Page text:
What: Shares of Cal-Maine Foods (NASDAQ:CALM) were down 12% as of 2:30 p.m. Monday after the egg supplier reported mixed fiscal-first-quarter 2016 results.

So what: Quarterly revenue rose 70.9% year over year to $609.9 million, helped by a 65.7% spike in the price of shell eggs to record levels during the quarter. Volumes also climbed slightly, with total dozen shell eggs up 2.8% year over year. Meanwhile, Cal-Maine's net income more than quadrupled over the same period to $143 million, or $2.95 per diluted share. 

But while analysts were anticipating lower revenue of $599.9 million, they also called for significantly higher earnings of $3.14 per share.

Cal-Maine Foods CEO Dolph Baker called it a "strong start to fiscal 2016," as both revenue and net income set new company records. That said, Baker further noted while Cal-Maine Foods' operations were helped by a 13.4% year-over-year decline in average feed costs per dozen and an 8% drop in overall production costs, the benefit of those costs was offset by "significantly higher prices paid for purchased eggs, increased processing costs, and higher costs for cartons and packaging." What's more -- and just as Baker warned last quarter -- Cal-Maine Foods incurred higher costs from increased biosecurity measures at every location amid an avian flu outbreak at other egg producers.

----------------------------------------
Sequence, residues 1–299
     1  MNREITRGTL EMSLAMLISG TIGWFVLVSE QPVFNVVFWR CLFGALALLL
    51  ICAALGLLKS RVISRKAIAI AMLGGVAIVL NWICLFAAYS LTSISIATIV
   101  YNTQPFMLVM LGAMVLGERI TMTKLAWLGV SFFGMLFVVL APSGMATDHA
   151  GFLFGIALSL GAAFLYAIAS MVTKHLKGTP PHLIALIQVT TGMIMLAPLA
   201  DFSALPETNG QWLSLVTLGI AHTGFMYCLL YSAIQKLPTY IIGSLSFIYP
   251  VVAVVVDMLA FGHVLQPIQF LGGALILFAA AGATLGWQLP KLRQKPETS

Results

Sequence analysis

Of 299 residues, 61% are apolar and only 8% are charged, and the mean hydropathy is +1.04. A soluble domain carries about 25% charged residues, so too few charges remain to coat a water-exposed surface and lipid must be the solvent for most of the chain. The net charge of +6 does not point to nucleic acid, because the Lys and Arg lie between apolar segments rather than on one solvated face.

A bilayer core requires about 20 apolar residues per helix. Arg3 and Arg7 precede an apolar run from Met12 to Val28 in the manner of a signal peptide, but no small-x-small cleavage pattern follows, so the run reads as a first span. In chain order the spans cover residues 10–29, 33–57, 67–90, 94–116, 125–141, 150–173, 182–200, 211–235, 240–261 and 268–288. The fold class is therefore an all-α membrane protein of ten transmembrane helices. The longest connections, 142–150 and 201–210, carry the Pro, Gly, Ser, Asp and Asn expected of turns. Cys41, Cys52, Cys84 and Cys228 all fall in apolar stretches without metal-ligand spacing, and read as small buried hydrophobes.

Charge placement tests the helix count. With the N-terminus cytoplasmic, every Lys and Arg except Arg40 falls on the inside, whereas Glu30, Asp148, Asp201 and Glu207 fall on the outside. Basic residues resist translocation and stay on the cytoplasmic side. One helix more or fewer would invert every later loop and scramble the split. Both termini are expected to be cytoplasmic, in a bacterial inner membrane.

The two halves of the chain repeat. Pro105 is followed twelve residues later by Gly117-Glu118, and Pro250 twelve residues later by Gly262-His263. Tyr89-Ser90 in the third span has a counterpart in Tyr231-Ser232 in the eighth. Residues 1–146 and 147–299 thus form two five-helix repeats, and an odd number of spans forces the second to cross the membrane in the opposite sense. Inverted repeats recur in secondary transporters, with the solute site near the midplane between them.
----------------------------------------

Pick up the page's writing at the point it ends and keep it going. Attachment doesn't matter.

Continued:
Now what: Nonetheless, Cal-Maine Foods investors can take solace knowing the stock is still up nearly 30% year to date as of this writing. And regardless of the company's bottom-line shortfall today, Cal-Maine is still poised to benefit from favorable demand trends and consumers' ongoing preference for higher-priced specialty eggs. As the company continues to expand from here, I think investors willing to take advantage of this pullback stand to be handsomely rewarded going forward.

Steve Symington has no position in any stocks mentioned. The Motley Fool has no position in any of the stocks mentioned. Try any of our Foolish newsletter services free for 30 days. We Fools may not all hold the same opinions, but we all believe that considering a diverse range of insights makes us better investors. The Motley Fool has a disclosure policy.